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Connemara and County Mayo Travel Guide

Plan Your Connemara and County Mayo Vacation

A landscape where the thundering Atlantic forms the pounding backbeat to the most westerly seaboard in Europe, this most distinct area of Ireland has been an escape from urban stress since its vast empty landscapes and rocky indented coast was "discovered" by writers and artists in the 19th century. While the bustling town of Westport has assumed the identity of the ultrahip destination of a

younger, more confident Ireland, the surrounding countryside still attracts the traditional anglers, golfers, and seekers of rural solitude, along with savvy hikers, cyclists, and birders.

It is a landscape richly endowed with magnificent vistas: Connemara's combination of rugged coastline, mountains, moorland, and lakes; the distinctive conelike shape of Croagh Patrick, towering over the 365 islands of Clew Bay, and the rippling waters of Lough Corrib, Lough Conn, and many smaller lakes. The Irish people are well aware of what a jewel they have in the largely unspoiled wilderness, grazed by sheep and herds of wild ponies, that is the 5,000-acre Connemara National Park, the result of a successful lobby for landscape preservation. Peat lands, or bogs as they are called around here, are at last being valued for their unique botanical character.

Time seems to have a different value out here, as if the 21st century had never begun. It is still not unusual to be stuck behind two cars parked on either side of the white line, drivers' windows open while local news is exchanged, and the drivers oblivious to your revving engine behind them. Unlike most of Ireland where the marks of Viking, Norman, and English invaders blotted out much of the rich heritage of the ancient Irish kingdoms, these western counties retained, by virtue of their remoteness, those essential Celtic characteristics of rebellion and individuality, and the accompanying graces of unstinting hospitality and courtly good manners. These traits survive, despite the purges of Cromwell's English armies and the all-pervasive trauma of the Great Famine (1845–49). That era started a tradition of emigration that continued to deprive the area of the majority of its youth well into the 1960s. The growth of tourism since the 1970s, the building of fine new hotels and the upgrading of traditional ones has helped to provide jobs for the local population. Another boost has come from the development of fish farming, and the fostering of local artisan food producers, whose farmhouse cheese and smoked salmon enhances the menus of the West.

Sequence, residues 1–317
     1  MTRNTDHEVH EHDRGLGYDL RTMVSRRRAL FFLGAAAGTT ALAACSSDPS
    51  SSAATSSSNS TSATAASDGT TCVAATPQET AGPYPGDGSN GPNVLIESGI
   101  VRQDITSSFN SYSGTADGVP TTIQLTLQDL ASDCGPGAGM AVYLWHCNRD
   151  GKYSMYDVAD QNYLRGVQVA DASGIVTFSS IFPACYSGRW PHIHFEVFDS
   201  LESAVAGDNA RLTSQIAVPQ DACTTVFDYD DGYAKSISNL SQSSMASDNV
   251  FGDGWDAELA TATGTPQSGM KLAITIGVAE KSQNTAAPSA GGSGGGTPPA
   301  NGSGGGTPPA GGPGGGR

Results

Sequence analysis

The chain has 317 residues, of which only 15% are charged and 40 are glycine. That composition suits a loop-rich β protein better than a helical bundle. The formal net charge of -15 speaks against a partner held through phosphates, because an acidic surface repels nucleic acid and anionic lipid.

These unspoiled regions possess a spirit that has always spoken to the hidden poet within all who travel here. Images of spectacular red sunsets lingering over the Atlantic, that shocking lapis-lazuli blue of your first Connemara lough, and the fleeting moments when the way ahead was framed by a completely semicircular rainbow will likely haunt your memory long after you leave. As will the ancient whispers, cries, and melodies carried on the Connemara breeze. Here is where the magic lies.

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Top Reasons To Go

  1. Captivating Connemara An almost uninhabited landscape of misty bogland, studded with deep blue lakes under huge Atlantic skies painters have strived for generations to capture the ever-changing light.
  2. Cong à la Hollywood Fetching ivy-covered thatched cottages—including one commemorating the making of the archetypal "Irish" movie The Quiet Man—beside a ruined medieval monastery contrast with the baronial splendor of Ashford Castle, one of Ireland's most luxurious hotels.
  3. Clifden and the Sky Road Walk the Sky Road to take in its breathtaking scenery—sea views on one side, the Twelve Bens Mountains on the other—from the compact village of Clifden, the liveliest spot for miles around.
  4. Wordly Westport An engagingly old-fashioned town, Westport has an octagonal 18th-century market square and a quayside (on Clew Bay) that offers spectacular sunsets—a highlight of the Wild Atlantic Way.

When To Go

When to Go

There is a local saying in the Westport area: if you can't see the summit of Croagh Patrick, then it is raining; if you can see it, it is about...

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